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VIDEO DOI: https://doi.org/10.48448/krc8-7m49

technical paper

MMM 2022

November 07, 2022

Minneapolis, United States

Magnetization process evaluation and tensile stress effect in direct magnetostriction measurement of amorphous microwires

Under a longitudinal applied magnetic field, microwires increase/decrease length depending on the magnetostriction sign, where the magnetostrictive elongation is due to magnetization rotational processes as well known in classical magnetism. In amorphous alloys, magnetostriction is usually evaluated making use of inverse magnetoelastic effects (e.g., SAMR method) that sometimes is not fully reliable (e.g., for positive magnetostriction) 1.
This study in magnetostrictive and non-magnetostrictive amorphous microwires introduces two original aspects: i) Direct magnetostrictive elongation measurements as a function of applied field and tensile stress; and ii) Re-interpretation of the magnetization mechanism by comparing magnetostrictive elongation and magnetization curve.
A home-made setup with suitable induction/pickup coils, a mechanical system to apply stress and a high-accuracy LVDT position sensor has been used to measure magnetization, M, and magnetostrictive elongation, δl/l,2 in two amorphous microwire families: i) In-water-quenched (~145 μm diameter) highly magnetostrictive FeSiB, and vanishing positive/negative magnetostriction (CoFe)SiB microwires; and ii) Glass-coated FeSiBC microwire (20 μm diameter). The figures show high-sensitivity (down to δl/l=10-8) representative data of δl/l vs. M/Mmax and H where the applied stress increases/reduces the elongation for negative/positive magnetostriction. Quantitative information on the rotational magnetization for low/high field regions is obtained: note in Fig. 1 the different elongation slopes for low (domain wall) and high (rotational) magnetization processes. It is also noticeable the magnetostrictive effect in Fig. 2 inset during domain wall motion in the tiny wire due to a helical magnetization component. This method to properly quantify the magnetostrictive elongation allows for a new magnetization/magnetostrictive analysis as required in mechanical sensor devices.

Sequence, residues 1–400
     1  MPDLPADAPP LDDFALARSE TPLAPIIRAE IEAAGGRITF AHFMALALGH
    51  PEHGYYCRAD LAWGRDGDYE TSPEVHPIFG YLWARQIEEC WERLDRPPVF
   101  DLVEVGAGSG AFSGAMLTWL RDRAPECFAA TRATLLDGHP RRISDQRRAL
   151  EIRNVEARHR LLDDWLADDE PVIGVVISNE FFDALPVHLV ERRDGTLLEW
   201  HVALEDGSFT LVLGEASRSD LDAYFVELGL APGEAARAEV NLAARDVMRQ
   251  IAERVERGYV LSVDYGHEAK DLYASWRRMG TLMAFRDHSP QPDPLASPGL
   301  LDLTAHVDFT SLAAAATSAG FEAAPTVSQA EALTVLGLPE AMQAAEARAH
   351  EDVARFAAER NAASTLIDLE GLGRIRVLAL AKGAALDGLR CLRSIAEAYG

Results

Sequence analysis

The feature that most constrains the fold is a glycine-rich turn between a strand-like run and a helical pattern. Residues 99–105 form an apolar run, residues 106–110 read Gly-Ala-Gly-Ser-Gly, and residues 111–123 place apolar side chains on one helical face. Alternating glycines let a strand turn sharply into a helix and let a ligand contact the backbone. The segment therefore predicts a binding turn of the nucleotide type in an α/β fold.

1 C. Gómez-Polo and M. Vazquez, J. Magn. Magn. Mater. 118, 86 (1993); K. Chichay et al., J. Appl. Phys. 116, 173904 (2014).
2 J. Moya et al., J. Magn. Magn. Mater. 476, 248 (2019).

Fig.1 Magnetostrictive elongation (δl/l) vs. Magnetization (M/Mmax) for a range of applied stresses (σ) in water quenched microwires.

Fig. 2 Magnetostrictive elongation (dl/l) vs. applied Field (H) in FeSiB glass-coated microwire. The inset shows the low-field magnetization and elongation loops.


Transcript English (automatic)

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